Finally, as in the “Conclusion” of the speech, when the time comes for action on an activity in the schedule, the Owner’s Representative, should be like the Mother watching her children, keeping an eye out to ensure they are adhering to the agreed upon plan and speaking up when you see your children misbehaving. This could be with proper inspection of the work that is ongoing with the attitude of not catching the Contractor doing something wrong, but working as another set of eyes to help the Contractor keep adhering to the agreed upon plan and speaking up when you see things going off course.

The failure to have effective communications on projects have resulted in a lot of wasted time and money as well as strain to the Project Participants. If the Project is carefully set up and you, as the Owner’s Representative, help keep the project on target, using effective communication, you will have many more successful projects.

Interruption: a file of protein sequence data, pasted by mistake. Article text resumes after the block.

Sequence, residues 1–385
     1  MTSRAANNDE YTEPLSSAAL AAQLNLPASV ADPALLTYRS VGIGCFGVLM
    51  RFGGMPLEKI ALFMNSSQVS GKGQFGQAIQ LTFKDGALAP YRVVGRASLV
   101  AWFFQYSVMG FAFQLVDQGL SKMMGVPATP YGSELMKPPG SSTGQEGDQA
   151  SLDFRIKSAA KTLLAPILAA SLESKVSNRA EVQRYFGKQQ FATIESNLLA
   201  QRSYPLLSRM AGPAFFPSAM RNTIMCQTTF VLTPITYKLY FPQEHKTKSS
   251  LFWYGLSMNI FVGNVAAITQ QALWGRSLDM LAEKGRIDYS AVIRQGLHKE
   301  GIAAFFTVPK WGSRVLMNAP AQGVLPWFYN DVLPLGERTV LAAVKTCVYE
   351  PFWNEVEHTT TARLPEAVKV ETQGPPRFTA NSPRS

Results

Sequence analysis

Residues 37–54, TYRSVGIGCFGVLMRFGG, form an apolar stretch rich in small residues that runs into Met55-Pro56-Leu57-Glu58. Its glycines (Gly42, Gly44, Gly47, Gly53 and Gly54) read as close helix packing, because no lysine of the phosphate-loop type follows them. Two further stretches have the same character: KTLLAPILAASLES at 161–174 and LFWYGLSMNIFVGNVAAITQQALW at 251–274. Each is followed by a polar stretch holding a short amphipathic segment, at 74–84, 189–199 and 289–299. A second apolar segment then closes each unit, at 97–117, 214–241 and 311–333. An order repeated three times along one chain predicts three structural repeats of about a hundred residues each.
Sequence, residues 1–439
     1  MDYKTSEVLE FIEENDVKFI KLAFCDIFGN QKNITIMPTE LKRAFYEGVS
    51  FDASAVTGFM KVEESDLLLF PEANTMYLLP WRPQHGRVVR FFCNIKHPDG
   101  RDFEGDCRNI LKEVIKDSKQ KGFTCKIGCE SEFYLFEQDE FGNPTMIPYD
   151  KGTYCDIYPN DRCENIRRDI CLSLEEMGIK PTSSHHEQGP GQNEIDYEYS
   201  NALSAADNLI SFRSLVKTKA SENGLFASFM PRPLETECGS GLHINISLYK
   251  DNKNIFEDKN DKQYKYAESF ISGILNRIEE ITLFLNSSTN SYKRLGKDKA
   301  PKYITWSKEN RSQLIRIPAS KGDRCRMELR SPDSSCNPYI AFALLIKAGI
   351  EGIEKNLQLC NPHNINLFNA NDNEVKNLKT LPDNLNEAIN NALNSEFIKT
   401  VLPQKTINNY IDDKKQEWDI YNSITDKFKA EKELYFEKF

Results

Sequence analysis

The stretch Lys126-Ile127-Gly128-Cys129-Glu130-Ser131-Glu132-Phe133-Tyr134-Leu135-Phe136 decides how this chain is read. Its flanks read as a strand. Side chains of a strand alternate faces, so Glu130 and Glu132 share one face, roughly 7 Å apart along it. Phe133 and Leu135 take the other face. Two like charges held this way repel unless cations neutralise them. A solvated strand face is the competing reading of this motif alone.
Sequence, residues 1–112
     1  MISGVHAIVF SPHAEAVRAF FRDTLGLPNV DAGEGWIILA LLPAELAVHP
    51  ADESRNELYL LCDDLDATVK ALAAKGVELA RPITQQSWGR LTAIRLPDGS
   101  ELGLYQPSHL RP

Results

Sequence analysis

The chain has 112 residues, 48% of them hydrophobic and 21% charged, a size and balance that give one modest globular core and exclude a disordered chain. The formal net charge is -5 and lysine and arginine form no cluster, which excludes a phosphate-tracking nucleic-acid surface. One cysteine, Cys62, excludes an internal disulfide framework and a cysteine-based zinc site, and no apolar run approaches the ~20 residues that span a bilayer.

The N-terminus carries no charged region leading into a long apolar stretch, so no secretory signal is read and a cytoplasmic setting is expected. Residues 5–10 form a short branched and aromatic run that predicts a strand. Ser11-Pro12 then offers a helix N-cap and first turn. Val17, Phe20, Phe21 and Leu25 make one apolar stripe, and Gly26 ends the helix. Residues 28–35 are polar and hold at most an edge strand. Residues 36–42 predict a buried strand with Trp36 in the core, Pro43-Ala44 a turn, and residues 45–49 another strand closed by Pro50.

About The Author

John Manning

John Manning is the Principal and CEO of KMI International with more than 30 years of global experience in project management of the design and construction processes on resort hotels, parking structures, infrastructure, area development and mixed use. He is a CCM (Certified Construction Manager), PE (Professional Engineer) and a LEED Accredited Professional while serving on the national board of CMAA. He has worked as a project manager for large Owners and Construction Management Firms on projects ranging up to $3 Billion. Mr. Manning also testifies as a forensic expert in state and federal courts.